Those surfaces 122 and 124 are preferably covered with large relatively flat sections of similar wire mesh 126 and 128, which mesh is held in operable abutting relationship with the respective surfaces 122 and 124 by attachment means 130 such as staples or the like. The flat sections of wire mesh 126 and 128 approach but do not extend to the line of intersection of the intersecting surfaces 122 and 124, so that they will not interfere in the desired alignment of the corneraide 112 thereon.

The corneraide device 112 is operably disposed over the corner, similarly to the aforementioned disposition of the device 10 over the corner in FIG. 1. Staples or a similar attachment means 130 are employed to retain the corneraide construction 112 in the desired operable alignment along the corner joint, and stucco material (not shown) is applied over the entire surface and the corners and smoothed to the desired finished surface configuration, using the bead means 116 as a guide. As the stucco hardens, it solidifies around the various wire mesh elements of the structure, including the corneraide construction 112.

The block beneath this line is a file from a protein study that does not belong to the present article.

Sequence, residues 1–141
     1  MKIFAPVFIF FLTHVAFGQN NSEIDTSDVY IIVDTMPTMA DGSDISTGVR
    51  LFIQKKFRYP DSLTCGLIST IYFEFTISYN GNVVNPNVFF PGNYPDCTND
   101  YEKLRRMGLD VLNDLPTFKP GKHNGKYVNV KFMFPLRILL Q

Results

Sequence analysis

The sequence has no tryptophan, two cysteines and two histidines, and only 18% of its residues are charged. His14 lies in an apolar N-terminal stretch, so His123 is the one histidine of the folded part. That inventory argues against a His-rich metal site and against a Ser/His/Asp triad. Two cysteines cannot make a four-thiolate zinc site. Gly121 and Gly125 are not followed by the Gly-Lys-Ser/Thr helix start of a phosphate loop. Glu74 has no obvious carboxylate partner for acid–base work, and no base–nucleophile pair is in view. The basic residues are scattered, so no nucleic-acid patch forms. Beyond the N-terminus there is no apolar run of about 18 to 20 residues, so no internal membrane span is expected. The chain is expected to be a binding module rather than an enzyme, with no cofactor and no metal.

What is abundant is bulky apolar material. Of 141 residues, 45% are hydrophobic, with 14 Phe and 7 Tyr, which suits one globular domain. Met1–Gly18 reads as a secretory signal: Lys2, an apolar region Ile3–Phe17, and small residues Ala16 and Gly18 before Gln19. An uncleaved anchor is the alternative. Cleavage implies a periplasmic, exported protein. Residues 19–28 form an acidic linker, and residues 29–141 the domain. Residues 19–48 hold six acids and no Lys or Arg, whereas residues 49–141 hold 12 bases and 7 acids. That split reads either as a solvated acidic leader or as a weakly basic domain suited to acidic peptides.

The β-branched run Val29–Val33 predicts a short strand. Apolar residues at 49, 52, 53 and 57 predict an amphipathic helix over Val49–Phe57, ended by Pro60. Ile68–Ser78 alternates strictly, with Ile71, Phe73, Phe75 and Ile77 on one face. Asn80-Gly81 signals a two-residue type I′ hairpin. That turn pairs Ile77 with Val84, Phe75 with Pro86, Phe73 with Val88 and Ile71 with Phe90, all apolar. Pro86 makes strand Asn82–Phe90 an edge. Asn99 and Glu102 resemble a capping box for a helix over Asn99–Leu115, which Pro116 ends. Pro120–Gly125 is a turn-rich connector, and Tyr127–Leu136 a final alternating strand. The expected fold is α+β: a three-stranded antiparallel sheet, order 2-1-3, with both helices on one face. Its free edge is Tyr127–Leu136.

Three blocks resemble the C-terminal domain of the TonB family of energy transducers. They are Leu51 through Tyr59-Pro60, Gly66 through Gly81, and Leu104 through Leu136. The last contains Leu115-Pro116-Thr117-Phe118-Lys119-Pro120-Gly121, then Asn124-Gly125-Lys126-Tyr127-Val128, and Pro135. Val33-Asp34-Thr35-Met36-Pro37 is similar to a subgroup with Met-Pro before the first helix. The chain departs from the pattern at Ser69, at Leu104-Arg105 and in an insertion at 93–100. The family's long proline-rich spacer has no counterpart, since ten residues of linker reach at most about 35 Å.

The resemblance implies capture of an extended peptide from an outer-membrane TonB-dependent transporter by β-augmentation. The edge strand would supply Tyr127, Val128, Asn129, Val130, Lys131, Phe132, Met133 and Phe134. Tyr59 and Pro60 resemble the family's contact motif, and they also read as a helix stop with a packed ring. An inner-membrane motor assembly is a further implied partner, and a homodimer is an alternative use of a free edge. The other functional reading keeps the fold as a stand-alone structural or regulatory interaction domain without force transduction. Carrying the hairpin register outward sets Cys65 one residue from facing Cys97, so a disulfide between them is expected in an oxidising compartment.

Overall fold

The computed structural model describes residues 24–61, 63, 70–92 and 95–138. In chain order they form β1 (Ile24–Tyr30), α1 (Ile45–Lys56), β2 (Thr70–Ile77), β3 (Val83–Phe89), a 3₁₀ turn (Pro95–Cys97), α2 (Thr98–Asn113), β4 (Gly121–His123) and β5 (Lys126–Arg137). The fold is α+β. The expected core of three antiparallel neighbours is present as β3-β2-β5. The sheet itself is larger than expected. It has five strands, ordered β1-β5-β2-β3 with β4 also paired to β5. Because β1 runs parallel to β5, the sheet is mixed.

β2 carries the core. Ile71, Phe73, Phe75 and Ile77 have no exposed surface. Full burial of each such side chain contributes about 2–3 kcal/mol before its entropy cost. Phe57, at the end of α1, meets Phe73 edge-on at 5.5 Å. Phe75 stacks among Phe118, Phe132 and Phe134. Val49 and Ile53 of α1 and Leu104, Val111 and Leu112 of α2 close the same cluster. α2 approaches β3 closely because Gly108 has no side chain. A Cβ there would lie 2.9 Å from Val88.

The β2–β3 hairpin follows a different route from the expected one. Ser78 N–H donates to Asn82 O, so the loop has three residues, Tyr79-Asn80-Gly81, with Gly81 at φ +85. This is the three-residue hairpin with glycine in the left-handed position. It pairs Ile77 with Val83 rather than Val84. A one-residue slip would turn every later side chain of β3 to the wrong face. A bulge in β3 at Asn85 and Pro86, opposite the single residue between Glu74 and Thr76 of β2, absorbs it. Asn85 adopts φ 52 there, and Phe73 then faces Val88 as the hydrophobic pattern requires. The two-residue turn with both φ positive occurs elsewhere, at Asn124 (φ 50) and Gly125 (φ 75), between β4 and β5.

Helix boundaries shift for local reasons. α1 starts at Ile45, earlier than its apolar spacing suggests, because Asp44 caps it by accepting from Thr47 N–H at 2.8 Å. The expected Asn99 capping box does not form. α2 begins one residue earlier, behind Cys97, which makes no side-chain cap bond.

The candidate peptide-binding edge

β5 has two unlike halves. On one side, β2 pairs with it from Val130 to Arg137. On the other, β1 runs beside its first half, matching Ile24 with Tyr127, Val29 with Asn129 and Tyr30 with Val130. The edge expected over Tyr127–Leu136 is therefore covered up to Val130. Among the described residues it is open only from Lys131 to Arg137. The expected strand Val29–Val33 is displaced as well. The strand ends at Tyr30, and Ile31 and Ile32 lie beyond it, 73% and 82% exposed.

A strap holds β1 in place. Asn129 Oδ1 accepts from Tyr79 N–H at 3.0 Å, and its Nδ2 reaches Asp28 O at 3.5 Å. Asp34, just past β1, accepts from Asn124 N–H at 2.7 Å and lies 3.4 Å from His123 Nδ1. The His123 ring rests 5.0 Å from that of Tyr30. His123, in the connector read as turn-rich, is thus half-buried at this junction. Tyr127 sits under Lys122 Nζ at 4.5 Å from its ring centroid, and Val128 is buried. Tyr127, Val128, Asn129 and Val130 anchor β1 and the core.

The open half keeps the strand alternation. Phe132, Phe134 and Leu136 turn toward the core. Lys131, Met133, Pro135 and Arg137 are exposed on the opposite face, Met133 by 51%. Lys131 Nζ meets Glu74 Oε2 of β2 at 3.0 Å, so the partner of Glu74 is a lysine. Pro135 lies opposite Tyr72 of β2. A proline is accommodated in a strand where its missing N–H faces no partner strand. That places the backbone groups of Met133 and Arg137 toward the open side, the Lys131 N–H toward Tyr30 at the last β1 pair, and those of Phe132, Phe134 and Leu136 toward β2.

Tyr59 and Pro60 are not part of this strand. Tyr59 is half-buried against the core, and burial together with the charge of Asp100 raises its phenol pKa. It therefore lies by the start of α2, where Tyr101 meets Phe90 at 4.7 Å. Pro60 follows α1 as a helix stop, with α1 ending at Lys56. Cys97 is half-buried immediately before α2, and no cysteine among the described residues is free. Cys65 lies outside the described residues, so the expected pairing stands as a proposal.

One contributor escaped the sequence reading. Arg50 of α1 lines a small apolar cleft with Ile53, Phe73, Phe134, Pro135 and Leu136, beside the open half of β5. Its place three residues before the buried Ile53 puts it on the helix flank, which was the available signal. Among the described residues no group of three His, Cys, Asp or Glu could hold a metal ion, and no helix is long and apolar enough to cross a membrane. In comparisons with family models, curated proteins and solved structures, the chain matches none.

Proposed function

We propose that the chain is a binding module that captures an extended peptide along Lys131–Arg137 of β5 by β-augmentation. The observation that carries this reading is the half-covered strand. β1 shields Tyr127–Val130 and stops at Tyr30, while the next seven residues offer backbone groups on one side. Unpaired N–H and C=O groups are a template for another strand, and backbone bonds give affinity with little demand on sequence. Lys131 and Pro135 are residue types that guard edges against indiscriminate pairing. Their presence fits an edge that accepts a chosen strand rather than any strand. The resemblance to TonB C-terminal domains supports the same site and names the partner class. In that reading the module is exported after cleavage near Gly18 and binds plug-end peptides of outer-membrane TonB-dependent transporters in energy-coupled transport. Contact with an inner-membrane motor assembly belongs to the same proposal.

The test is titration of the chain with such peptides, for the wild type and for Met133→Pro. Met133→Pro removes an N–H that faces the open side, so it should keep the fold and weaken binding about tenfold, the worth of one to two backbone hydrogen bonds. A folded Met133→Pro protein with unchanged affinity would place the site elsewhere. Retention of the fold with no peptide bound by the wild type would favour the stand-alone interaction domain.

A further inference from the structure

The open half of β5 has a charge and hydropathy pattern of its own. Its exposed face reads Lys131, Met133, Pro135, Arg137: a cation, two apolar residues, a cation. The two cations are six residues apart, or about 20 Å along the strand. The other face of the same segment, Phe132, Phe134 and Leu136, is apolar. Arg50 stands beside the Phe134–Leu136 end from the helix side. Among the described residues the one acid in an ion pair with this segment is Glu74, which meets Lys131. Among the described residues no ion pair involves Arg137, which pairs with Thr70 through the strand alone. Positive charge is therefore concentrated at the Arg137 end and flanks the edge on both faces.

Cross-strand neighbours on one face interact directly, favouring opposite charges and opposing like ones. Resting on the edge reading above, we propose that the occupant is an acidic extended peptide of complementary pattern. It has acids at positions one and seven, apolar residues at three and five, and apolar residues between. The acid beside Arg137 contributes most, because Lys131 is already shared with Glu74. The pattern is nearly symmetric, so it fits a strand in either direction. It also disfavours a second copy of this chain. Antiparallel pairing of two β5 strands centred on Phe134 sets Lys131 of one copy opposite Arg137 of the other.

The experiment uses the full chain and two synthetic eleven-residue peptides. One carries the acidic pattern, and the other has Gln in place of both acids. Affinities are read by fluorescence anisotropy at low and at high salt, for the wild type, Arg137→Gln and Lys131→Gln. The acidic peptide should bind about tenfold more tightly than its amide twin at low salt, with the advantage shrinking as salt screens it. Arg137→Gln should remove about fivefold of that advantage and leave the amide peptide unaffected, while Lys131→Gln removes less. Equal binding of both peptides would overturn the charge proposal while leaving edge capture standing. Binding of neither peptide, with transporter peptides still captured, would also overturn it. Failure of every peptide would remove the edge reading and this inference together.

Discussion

Another modification to my invention permits it to be utilized in archways, curved surfaces and the like. As shown in FIGS. 12-15, a device 132, similar to the elongated member 12 of FIG. 6, is provided with periodic transverse slots 134 along its length. Each of the slots 134 preferably extend across the width of one of the flange members 136, the bead means 138 associated therewith, and a substantial distance across the central web means 140.